Guest Researcher, Research Institute for Theology and Religion, University of South Africa, Pretoria, South Africa. Subjectivity here signifies the capacity to originate thought and action (cf. Shutte 2008:27).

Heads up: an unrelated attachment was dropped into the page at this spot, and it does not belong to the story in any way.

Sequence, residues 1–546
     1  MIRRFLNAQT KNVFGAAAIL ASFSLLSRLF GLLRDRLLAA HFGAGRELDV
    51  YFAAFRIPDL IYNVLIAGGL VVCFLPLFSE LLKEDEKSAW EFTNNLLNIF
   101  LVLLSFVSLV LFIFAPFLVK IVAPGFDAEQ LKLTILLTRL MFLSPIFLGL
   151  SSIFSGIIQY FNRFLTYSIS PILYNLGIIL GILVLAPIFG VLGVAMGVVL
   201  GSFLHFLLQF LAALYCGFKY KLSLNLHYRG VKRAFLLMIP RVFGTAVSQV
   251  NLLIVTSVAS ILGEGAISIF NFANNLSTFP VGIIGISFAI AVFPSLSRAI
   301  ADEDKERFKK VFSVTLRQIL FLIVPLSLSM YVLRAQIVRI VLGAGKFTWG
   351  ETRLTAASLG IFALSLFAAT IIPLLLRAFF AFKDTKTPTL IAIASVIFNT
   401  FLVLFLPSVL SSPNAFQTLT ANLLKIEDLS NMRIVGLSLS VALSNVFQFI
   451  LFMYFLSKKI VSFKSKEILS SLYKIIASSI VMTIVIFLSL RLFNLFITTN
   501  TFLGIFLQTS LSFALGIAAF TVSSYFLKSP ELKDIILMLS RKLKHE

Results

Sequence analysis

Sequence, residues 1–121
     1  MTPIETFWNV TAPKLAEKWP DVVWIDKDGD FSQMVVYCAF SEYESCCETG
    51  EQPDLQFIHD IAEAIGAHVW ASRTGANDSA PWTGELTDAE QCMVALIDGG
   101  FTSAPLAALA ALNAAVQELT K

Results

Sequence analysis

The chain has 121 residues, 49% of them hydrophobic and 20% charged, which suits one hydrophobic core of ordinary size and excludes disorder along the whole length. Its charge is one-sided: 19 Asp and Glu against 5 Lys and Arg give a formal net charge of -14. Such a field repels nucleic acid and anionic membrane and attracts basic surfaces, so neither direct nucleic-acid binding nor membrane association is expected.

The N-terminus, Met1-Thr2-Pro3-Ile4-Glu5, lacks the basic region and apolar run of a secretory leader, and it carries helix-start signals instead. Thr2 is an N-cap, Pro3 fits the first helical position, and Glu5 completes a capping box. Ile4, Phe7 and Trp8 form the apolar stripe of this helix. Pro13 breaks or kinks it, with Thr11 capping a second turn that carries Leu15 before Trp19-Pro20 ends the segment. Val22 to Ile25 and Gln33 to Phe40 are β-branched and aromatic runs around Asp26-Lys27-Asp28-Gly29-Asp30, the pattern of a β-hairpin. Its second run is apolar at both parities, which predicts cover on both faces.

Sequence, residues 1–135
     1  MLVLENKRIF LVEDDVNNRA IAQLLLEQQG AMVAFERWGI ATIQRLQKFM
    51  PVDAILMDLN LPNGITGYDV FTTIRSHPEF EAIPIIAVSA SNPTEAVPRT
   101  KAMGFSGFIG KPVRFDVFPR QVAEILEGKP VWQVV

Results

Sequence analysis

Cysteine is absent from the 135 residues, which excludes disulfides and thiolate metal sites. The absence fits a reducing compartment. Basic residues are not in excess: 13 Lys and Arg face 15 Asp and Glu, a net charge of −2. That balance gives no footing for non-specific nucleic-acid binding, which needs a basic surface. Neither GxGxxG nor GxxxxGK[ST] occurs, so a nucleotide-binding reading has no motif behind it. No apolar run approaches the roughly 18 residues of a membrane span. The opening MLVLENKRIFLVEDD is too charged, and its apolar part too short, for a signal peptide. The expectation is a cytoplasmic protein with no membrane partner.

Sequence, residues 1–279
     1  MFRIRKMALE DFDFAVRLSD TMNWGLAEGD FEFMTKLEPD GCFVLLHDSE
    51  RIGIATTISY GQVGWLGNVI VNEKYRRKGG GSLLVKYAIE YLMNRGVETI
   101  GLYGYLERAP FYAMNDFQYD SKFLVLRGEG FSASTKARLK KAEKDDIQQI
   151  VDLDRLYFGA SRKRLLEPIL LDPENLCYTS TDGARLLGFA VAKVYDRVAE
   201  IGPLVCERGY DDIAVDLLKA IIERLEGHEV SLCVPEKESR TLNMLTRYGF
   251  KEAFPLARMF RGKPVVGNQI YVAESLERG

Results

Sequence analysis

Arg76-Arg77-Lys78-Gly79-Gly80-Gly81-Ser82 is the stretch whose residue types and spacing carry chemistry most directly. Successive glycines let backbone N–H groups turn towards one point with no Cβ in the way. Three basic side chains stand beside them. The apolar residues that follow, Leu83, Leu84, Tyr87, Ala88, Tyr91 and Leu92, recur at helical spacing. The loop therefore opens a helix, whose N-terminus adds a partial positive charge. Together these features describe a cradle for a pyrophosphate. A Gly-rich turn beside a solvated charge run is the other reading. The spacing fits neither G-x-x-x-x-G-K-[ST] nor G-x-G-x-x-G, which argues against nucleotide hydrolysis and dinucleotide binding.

Does ubuntu exist? But, first things first: it stands to reason that my deliberations would make sense only if ubuntu in fact exists. Ubuntu means ‘humanity’, ‘humanness’ or ‘humaneness’. As such, it articulates basic respect and compassion for others: caring, sharing, warmth and understanding. These are often not the first activities or attitudes that spring to mind when one reflects on Africa. On the contrary, conflicts still scar the continent and corruption, mismanagement, self-enrichment, disease and poverty seem ever present. Do Africans in fact adhere to ubuntu? This question deserves more attention than can be afforded here. However, at least four remarks seem in order. First, to claim that ubuntu exists is not necessarily to claim that the compassion that it encapsulates obtains or obtained always and everywhere in African societies. Of course it did not and does not. Yet once one has managed to look past popular headlines, one may identify numerous, mostly unreported acts of compassion amongst Africans. To cite just one example: the relatively non-violent transition of South African society from a totalitarian state to a multiparty democracy was not merely the result of the compromises reached by politicians through negotiations. It was also — perhaps primarily — the result of the emergence of an ethos of solidarity, a commitment to peaceful co-existence amongst ordinary South Africans in spite of their differences (Van der Merwe, 1996:1). But, one may be tempted to ask, is this really an example of ubuntu? Some Africans claim that it is, while others disagree (Richardson 2008:65-83). Here, as in all other matters, the demands of interpretation cannot be avoided. Second, although one may doubt the existence of ubuntu as a fully lived reality, one can hardly deny its existence as a prominent concept, narrative or myth in Africa, and certainly Southern Africa. To call the ubuntu ethic a myth is not to deny its ‘factual truth’, although the word is often used in that sense. The word ‘myth’ as used here refers to the ubuntu ethic as an enduring story that — irrespective of its ‘factual truth’ — inspires morally and reveals the meaning (i.e. value, relevance or significance) of life to those who participate in it, that is, those who contribute to its telling and re-telling (Jordaan 2009). Third (or to put the first and second remarks differently), before one embarks on the denial or affirmation of the existence of something, one would do well to engage in relevant conceptual analyses. Exactly what is being denied or affirmed? In this case: exactly what does one mean by ‘ubuntu’ or ‘exist’? (Asking whether ubuntu exists is, in this sense, actually not a ‘first thing’, as in ‘first things first’ – see above). Finally, despite my affirmation of the existence of ubuntu, I concur with Ronald Nicolson (2008:6), who warns that “the crises in Africa do mean that we must be careful not to overstate the hold that traditional African ethics have in practice in African society”. Nicolson’s warning assumes that the enhancement of traditional African ethics would curb the crises in Africa alluded to above, namely the moral crises of corruption, self-enrichment and so on, and the growing list of their effects: conflicts, mismanagement, disease, poverty and other disastrous outcomes. But, as he concedes, this is a far more complex issue. Some may, for instance, argue that these crises obtain precisely because of the hold that traditional African ethics has on Africans. “Are some aspects of traditional African culture – male hegemony, respect for elders and chiefs, the idea that a fortunate individual must share his or her fortune with the wider family in assisting them with jobs – not tantamount to sexism, gerontocracy, authoritarianism, nepotism, and the like?” (Nicolson 2008:8). Moreover, could what appears to be immoral or illegal to Western eyes not be valued differently in a traditional African context? Does, for example, “receiving gifts by ruling politicians amount to corruption, or is [it] merely part of African respect for those in authority …?” (Nicolson 2008:2). The need critically to assess traditional African ethics (including the ubuntu ethic) clearly exists. To this I shall now turn. Agreement and solidarity Ubuntu underscores the importance of agreement. Or, as the exponents of ubuntu regularly note, African traditional culture has an almost infinite capacity for the pursuit of consensus (Louw 2001:19).3 While regular democracies involve majority rule, traditional African democracy rather operates in the form of (sometimes extremely lengthy) discussions. Mogobe Ramose observes: The communal ethos of African culture placed a great value on solidarity, which in turn necessitates the pursuit of unanimity or consensus not only in such 3